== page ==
[time-nuts] Crystal Drive Level

Bruce Griffiths bruce.griffiths at xtra.co.nz
Tue Aug 12 18:37:46 EDT 2008

Peter Putnam wrote:
> Greetings...
> I have a well-specified quartz crystal:
> Bliley BG71A
> (vintage mid 70's ?)
> 3.000 000  MHz
> parallel resonant, 100 pF
> 80 deg C
> tempco of <1.5/10e7/deg C over range 79 to 81 deg C
> in a glass enclosure with 9-pin miniature tube base
> that I would like to utilize in an oscillator circuit such as the one 
> proposed by Bruce Griffith in his note to this list on 8/11/2008.
> How can I determine the crystal drive level and be certain that the 
> drive level specified as "10 microwatts into10 ohms" will not be exceeded?
> Regards,
> Peter

10 microwatts in 10 ohms corresponds to a crystal current of 1 mA.
The question is is this an absolute limit or a recommended drive level?
If it is a maximum then you should operate with a crystal current 
somewhat below this.

Thus all you have to do is ensure that the crystal current is 1mA or less.

It would be helpful to know the crystal ESR and if it is a fundamental 
or an overtone crystal.

If its an AT cut fundamental crystal the ESR may be as high as 40 ohms 
or more.
In which case the first stage of the oscillator buffer can be simplified 
to a common base stage.

An AGC loop sensing the crystal current and comparing it with a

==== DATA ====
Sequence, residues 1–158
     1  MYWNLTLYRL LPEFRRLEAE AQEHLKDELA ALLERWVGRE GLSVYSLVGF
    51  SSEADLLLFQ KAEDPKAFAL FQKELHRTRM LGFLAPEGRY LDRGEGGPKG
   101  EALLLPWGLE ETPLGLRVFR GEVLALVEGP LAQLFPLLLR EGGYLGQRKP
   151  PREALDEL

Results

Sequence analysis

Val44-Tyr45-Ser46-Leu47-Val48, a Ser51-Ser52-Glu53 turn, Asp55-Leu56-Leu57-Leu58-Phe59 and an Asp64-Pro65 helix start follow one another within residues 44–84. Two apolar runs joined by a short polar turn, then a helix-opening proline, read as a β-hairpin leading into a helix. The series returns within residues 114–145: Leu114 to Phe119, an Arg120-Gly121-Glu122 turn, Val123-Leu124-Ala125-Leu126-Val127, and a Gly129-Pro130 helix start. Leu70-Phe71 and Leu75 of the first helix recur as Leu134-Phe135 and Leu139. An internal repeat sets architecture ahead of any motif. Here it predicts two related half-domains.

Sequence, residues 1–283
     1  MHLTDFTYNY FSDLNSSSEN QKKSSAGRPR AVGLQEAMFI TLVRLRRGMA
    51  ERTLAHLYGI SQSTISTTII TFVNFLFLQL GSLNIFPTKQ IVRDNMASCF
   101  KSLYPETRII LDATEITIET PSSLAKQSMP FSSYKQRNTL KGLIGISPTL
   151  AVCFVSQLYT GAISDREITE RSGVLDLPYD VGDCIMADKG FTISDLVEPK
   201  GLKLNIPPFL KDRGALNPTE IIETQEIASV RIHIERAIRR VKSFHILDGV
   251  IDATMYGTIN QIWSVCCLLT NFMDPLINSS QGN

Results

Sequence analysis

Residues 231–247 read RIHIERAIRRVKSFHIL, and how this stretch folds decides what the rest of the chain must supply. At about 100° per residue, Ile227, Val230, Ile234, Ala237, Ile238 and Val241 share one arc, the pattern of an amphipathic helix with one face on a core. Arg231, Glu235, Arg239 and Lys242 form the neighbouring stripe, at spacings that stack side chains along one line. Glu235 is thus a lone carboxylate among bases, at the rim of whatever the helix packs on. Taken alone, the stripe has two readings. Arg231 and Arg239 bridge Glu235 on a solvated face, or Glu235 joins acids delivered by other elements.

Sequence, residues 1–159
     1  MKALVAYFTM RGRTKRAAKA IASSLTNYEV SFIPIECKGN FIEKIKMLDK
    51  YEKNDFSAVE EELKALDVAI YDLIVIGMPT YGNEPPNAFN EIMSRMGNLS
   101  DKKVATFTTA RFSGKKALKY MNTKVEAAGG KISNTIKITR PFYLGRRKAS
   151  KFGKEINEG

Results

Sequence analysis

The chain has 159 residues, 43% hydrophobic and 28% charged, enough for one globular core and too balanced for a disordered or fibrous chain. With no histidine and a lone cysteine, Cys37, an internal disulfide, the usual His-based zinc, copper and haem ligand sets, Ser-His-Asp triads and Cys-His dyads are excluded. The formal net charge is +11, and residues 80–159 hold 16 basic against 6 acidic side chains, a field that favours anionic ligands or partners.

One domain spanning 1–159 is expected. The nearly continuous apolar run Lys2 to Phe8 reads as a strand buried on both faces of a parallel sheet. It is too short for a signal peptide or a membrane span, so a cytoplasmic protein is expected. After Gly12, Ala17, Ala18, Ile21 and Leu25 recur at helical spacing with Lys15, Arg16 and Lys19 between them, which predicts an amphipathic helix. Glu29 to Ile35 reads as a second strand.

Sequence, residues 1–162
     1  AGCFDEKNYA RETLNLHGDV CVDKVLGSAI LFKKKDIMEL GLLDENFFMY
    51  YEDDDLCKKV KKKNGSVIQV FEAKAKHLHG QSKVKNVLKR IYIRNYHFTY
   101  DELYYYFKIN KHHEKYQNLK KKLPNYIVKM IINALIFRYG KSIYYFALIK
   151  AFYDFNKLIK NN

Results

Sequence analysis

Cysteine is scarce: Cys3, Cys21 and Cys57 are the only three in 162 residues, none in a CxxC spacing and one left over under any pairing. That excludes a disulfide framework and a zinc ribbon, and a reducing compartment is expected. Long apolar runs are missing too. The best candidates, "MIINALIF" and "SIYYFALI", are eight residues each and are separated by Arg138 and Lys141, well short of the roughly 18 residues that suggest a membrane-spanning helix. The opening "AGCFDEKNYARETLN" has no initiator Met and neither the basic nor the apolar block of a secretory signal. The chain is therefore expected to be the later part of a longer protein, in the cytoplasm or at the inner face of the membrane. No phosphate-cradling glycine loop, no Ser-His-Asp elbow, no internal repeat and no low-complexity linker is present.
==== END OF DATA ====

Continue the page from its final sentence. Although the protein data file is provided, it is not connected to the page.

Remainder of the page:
reference voltage can easily be added.
Another CB stage could be driven by the other end of T101's secondary  
and  a 1K impedance load  used at its collector output.
An emitter follower could then be used to  drive an  RF detector for the 
AGC loop.

Alternatively one could use a configuration with a high input impedance 
buffer as in Wenzel's circuit and drive the AGC (or monitor the level) 
from the buffer output.
Its not too difficult to arrange for such a buffer to drive a cascade of 
common base stages to achieve a very high reverse isolation with 
relatively low distortion.
However a few RF transformers are required.
Using a buffer amplifier transistor with a resistive collector load is a 
bad idea (unless the resistor is shunted by an inductor or the primary 
of a transformer) as it significantly increases the phase noise of the 
amplifier over that which is possible with an optimised buffer amplifier 

I'll post another version of the crystal oscillator circuit in a day or 
so that utilises the alternative high impedance buffer circuit driving a 
CB cascade.
It will also include AGC.

Another possibility is to use the Driscoll  two stage oscillator where 
the crystal current is limited by  setting the collector current of the 
second stage.
The second stage is driven into cutoff limiting the RF collector current 
of the first stage which is equal to the crystal current.
However this circuit will significantly degrade the crystal Q unless the 
crystal ESR is relatively high (~40 ohms or more).
Variants of this circuit which use AGC instead of cutoff to limit the 
crystal current are also possible.
Another technique is to use diodes to clamp the oscillator output stage 
collector RF voltage peaks thus limiting the crystal current.
For some variants of such Driscoll oscillators see:

NB using a LED in an oven may be somewhat problematic, so a different 
low noise method of biasing the various transistors may be required.


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